Date of Award


Document Type


Degree Name

Doctor of Philosophy (PhD)



First Advisor

Les Wade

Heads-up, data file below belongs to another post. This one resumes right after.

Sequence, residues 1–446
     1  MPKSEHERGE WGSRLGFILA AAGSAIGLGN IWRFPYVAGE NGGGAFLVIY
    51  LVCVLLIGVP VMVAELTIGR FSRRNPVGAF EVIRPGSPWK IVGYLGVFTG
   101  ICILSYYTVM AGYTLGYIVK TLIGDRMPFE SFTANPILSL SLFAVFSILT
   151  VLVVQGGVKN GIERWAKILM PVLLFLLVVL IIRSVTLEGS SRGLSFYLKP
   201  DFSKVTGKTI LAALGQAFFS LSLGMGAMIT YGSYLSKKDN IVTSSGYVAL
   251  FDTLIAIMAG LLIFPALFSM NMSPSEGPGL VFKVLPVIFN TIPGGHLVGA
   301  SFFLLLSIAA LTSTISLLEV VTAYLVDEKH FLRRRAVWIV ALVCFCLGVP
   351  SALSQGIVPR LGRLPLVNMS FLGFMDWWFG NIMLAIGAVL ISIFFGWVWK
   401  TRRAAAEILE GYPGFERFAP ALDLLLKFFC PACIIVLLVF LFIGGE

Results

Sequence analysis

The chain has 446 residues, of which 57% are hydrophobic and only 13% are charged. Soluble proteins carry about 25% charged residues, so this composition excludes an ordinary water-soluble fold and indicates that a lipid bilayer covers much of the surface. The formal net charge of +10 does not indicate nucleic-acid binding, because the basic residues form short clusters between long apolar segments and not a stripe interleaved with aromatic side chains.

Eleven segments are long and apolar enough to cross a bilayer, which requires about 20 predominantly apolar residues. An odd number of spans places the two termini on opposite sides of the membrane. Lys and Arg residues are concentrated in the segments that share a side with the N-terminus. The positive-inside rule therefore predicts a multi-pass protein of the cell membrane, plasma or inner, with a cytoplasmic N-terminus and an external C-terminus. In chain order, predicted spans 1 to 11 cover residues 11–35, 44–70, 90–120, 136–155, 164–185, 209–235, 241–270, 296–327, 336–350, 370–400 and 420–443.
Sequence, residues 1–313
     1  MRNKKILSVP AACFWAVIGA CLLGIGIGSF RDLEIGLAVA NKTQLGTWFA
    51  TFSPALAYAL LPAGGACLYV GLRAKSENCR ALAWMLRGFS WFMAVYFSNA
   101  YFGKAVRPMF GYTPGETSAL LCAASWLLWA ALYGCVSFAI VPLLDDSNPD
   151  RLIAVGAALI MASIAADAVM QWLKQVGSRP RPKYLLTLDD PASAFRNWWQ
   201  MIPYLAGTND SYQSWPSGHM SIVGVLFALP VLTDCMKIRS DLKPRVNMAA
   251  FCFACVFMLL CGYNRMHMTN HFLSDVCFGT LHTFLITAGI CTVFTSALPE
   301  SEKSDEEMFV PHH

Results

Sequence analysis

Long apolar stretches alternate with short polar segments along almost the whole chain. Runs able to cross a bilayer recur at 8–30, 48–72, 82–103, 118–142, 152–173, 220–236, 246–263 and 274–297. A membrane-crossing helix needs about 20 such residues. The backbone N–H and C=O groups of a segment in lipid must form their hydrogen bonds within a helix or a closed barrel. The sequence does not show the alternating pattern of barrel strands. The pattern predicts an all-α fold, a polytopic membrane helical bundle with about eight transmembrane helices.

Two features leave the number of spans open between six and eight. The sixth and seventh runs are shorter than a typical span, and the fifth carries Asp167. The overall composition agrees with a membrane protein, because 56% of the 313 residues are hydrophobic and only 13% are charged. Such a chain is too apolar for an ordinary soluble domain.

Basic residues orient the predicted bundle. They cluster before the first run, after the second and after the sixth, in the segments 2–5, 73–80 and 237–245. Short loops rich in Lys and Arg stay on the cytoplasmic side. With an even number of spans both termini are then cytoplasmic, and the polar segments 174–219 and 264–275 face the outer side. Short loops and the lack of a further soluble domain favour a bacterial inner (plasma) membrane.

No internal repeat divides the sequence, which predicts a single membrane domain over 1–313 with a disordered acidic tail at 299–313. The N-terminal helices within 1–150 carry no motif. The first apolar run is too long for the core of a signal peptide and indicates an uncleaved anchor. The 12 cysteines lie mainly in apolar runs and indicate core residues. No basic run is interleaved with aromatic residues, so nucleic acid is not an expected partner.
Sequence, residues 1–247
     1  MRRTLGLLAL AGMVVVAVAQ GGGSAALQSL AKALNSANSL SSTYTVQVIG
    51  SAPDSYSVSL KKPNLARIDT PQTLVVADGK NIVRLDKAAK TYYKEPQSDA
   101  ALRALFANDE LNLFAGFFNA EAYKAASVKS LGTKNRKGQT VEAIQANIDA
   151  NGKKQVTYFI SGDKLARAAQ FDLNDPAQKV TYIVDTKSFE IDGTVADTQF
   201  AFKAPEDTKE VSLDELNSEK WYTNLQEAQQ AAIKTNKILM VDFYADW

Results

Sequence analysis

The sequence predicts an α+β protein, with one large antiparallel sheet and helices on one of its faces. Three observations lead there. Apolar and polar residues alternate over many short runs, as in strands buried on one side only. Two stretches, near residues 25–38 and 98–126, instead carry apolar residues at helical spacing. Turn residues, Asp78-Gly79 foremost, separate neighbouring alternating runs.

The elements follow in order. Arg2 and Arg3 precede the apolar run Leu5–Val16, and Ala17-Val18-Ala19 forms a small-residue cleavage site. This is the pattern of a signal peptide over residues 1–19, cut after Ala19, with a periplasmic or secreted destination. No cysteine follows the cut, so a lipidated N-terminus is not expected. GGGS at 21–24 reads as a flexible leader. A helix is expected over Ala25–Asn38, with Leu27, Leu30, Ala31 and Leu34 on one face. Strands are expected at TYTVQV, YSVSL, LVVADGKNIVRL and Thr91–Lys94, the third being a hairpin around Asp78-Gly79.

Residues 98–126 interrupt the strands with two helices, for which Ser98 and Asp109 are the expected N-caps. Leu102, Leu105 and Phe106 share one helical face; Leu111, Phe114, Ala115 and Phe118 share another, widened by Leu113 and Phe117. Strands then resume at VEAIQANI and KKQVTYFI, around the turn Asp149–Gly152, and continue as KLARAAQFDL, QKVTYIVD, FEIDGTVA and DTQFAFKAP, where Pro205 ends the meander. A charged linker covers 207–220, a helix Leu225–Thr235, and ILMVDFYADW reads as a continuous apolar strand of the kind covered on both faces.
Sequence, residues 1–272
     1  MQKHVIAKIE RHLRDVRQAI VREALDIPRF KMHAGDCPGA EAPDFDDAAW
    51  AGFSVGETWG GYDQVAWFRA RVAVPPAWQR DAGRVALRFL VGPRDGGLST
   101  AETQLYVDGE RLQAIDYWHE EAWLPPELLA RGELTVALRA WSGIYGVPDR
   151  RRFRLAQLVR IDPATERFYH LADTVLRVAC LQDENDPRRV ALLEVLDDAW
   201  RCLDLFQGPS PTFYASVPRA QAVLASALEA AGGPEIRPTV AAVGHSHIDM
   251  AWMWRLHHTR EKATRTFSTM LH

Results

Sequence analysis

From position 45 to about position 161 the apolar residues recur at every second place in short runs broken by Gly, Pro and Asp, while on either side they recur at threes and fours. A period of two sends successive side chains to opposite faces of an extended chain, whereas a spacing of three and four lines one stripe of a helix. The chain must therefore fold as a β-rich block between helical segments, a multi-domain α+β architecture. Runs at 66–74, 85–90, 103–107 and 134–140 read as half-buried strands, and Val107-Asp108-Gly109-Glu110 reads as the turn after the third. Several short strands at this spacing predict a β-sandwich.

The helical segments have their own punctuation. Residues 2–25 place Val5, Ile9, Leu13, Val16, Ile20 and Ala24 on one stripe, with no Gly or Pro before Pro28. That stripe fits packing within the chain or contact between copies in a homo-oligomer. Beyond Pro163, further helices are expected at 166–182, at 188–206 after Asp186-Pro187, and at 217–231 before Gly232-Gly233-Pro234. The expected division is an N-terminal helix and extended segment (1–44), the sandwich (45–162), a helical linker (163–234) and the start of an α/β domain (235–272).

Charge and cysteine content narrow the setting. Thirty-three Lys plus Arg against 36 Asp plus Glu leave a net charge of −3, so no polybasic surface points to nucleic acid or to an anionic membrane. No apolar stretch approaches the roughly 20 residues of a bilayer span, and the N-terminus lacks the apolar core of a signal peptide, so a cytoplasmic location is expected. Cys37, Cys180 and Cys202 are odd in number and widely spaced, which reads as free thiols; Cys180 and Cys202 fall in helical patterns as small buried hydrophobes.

This study examines the full scope of Guare's plays, from his Off-Off Broadway experimentation in the sixties through his 1992 play Four Baboons Adoring the Sun, and their place in America's cultural landscape. Set against the framework of modern cultural history, the investigation attempts to reveal Guare's vision of modern America's quest for fulfillment through the correlation of textual and stylistic analysis, critical response, and Guare's stated views. The study contends that Guare's portrayal of American desire unmasks the mass media's contamination of the American dream. From the very inception of his dramatic imagination, Guare has mixed fantasy and reality in ways that reveal the particular confusion of modern Americans, a bewilderment enlarged by the lure of the American dream and its seductive depiction in the mass media. Guare's characters always seem to find that they have been sold a ridiculous bill of goods; the media encourage middle-class Americans to aspire to unattainable heights (and luxuries) which only seems to intensify desire and frustration. Nearly every play presents a scenario where the protagonists have miscalculated the potential of the American dream for providing story book success. Chapter 1 addresses Guare's thematic and stylistic development as a young playwright during the sixties. Chapter 2 focuses on the merger of the American dream and the mass media in two plays of the seventies, The House of Blue Leaves and Rich and Famous. Chapter 3 explores the disintegration of families and the seventies' "radical" focus on the individual (in Landscape of the Body and Bosoms and Neglect). Chapter 4 delineates the modern American national identity with a study of the futuristic Marco Polo Sings a Solo and a reassessment of America's idealism in the Lydie Breeze Tetralogy. In Chapter 5, an examination of Six Degrees of Separation and Four Baboons Adoring the Sun analyses recent modulations in the influence of the mass media on American society in the nineties. The epilogue discusses some of the artistic and social implications that follow from David Hampton's harassment of Guare over Six Degrees of Separation; it concludes with a brief status report on American culture in 1995.